Distressed asset buys may save business

22/07/2009 - 15:33

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Distressed asset sales could become the saviour of many Australian businesses and possibly free up some much needed capital tied up in non-performing bank loans, a financial expert says.

Distressed asset sales could become the saviour of many Australian businesses and possibly free up some much needed capital tied up in non-performing bank loans, a financial expert says.

 

 

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Distressed asset sales could become the saviour of many Australian businesses, according to financial expert David Kenney. Kenney believes that in the right circumstances these sales can present an ideal investment opportunity for astute investors and assist troubled businesses, particularly at the height of the current economic downturn.

Mr Kenney, Partner, Tax and Corporate Services with Chartered Accountants and Business Advisers Hall Chadwick, says that the sale of distressed assets could be the ideal solution, especially where distressed investors have the ability to provide much needed capital to allow the restructure to take place.

"With the number of Australian companies entering into administration now at a staggering 8, 300 at the end of 2008, these sales could be the way to go for many troubled companies," explained Mr Kenney.

Essentially distressed assets are assets sold by businesses, which, for various reasons, are no longer financially viable for a company to maintain. In recent times, distressed asset sales in Australia have occurred across a range of sectors including property, banking and commodities. Distressed asset sales are of interest to private equity buyers, corporate buyers, hedge fund managers and occasionally other competitors in the market.

"The popularity of these assets is increasing and there are more of them around now than even a year ago, particularly given the spike in insolvency appointments, which rose by more than 6% to 12, 770.

As the outlook for the Australian economy remains one of deep uncertainty, distressed asset sales will continue to increase in the financial sector, property market and commodities industry, which remain vulnerable to the effects of the global financial crisis. The global economic downturn is without a doubt a key driver of distressed asset sales and these sales could continue to rise should economic conditions worsen," said Mr Kenney.

Mr Kenney said that distressed debt could stabilise financial markets by allowing banks to release previously dedicated capital tied up in non performing loans, which then becomes available to lend to productive businesses, creating a multiplier effect of money in the economy.

"The sale of distressed assts would be of benefit to various parties including the owners of the business, management, and other key stakeholders, as it would free up balance sheets that may be currently compromised by distressed assets."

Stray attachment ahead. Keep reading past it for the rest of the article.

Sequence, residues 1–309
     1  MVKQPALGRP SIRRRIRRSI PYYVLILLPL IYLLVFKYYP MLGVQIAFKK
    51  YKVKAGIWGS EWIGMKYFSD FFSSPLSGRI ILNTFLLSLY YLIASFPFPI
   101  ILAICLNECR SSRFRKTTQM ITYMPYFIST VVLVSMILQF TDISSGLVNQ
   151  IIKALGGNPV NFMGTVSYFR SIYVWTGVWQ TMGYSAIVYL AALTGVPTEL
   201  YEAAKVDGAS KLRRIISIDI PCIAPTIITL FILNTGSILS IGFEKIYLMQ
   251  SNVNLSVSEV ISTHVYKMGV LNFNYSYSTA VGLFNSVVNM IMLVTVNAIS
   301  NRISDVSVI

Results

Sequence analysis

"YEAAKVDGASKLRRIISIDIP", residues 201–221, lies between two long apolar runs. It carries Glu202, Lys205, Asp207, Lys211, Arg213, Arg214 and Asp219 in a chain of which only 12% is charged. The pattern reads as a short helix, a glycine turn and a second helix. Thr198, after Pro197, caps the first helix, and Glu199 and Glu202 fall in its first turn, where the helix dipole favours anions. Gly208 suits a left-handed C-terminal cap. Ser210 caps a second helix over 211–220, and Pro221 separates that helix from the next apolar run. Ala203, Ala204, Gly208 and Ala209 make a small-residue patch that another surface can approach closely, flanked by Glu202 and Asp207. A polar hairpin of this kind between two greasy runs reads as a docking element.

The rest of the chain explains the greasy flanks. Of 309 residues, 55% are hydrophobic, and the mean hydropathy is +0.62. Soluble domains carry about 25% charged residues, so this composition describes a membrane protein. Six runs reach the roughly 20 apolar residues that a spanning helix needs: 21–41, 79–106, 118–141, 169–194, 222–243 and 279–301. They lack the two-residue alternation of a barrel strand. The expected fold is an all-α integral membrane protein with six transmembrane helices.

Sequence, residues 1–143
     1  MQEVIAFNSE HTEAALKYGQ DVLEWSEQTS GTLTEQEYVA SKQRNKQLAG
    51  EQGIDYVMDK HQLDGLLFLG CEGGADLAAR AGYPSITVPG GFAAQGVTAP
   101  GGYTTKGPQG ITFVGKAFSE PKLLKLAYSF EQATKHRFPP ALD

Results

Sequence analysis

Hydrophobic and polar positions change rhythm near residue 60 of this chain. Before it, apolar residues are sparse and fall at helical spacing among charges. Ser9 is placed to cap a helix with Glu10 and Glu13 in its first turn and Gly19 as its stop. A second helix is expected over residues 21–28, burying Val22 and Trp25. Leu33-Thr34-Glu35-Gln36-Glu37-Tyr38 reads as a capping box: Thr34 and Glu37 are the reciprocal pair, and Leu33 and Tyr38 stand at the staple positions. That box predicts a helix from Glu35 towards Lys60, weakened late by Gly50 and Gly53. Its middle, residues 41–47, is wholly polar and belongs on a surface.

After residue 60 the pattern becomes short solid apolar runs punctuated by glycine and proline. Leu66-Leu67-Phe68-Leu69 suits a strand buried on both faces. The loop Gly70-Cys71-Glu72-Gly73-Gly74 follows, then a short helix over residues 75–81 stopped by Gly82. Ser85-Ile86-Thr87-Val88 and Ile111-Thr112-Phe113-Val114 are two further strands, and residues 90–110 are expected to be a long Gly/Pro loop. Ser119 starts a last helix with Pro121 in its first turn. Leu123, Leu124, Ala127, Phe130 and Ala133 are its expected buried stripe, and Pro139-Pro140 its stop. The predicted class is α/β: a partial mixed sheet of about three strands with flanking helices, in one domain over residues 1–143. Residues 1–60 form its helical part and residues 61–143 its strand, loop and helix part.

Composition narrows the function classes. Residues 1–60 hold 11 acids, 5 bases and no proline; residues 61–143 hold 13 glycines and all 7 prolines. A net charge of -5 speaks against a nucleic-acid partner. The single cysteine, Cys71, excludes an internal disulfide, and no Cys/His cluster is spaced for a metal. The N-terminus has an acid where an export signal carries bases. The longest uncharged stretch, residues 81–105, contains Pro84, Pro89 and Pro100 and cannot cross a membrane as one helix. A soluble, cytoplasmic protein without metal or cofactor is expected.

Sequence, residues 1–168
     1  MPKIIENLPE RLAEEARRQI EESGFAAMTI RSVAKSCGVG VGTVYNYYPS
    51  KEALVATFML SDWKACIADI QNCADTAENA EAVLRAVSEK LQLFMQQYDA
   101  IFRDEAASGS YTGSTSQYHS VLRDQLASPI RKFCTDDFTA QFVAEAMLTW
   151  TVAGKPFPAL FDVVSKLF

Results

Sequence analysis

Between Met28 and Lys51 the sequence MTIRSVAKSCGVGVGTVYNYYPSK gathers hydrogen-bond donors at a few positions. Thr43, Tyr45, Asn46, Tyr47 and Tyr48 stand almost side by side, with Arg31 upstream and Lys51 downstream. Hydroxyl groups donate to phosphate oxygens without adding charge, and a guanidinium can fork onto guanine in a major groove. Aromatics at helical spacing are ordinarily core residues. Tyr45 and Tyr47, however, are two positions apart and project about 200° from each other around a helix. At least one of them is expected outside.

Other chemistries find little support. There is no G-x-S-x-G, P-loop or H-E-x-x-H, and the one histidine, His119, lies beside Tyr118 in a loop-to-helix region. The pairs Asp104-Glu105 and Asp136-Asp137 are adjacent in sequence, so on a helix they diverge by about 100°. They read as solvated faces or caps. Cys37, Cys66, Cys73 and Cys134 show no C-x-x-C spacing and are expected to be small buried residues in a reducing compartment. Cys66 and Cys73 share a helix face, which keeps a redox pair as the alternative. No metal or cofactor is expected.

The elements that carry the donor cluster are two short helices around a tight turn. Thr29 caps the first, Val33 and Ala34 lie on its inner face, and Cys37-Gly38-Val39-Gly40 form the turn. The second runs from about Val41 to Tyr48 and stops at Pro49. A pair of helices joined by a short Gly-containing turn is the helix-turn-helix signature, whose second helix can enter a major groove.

At the same time, distressed asset sales could provide opportunities to investors to buy assets at substantially discounted prices, particularly where the financial circumstances of the business requires a quick fix sale.

"Often the ideal purchaser will be overseas and finding the right buyer can even deliver value where that buyer will pay you for their synergies in the acquisition," Mr Kenney said. 

"It is worthwhile noting that whilst the M&A market fell for the second half of 2008 with only AUD$57 billion worth of transactions, down by 10% from the first half of 2008, it may be that an increase in M&A activity will be supported by an increase in distressed asset sales in a number of sectors.

"Already the number of corporate distressed asset sales, particularly those in the financial services industry, is increasing. Companies such as Allco and Babcock & Brown have undergone significant restructures, and forced asset sales are also occurring in the property industry due to the high levels of gearing and falling property prices. For example, Brisbane based investor Cromwell Group recently announced its $166 million purchase of the Tuggeranong Office Park in Canberra from the Federal Government," said Mr Kenney.

But while buying these distressed assets may appear to be an attractive opportunity for some, buyers do need to do their homework. For example, while there appears to be an increase in distressed mortgage sales in parts of Western Sydney, investors should be wary of jumping in to buy these types of properties, particularly if they have little knowledge of the area or information about prospective property market values.

"It could be the case that the bargain property you bought at a foreclosure sale was at the high end of the market and property prices will continue to decrease due to other property foreclosure sales in the same area also taking place at a later point in time," added Mr Kenney.

Of course, people could go wrong with distressed assets, but a private investor could perhaps mitigate some of the risk by acquiring units or shares in a fund manager geared towards the acquisition of distressed assets. In other cases, detailed financial analysis and due diligence should take place before acquiring these assets.

"So investors do need to be careful. The best way to mitigate risk is to consult an advisor, who can assist in determining the best-discounted price of the distressed assets and also calculate the future returns on the investment."

Note: David Kenney is Partner in charge of Corporate Services with Hall Chadwick Accountants and Business Advisers, Sydney.

 

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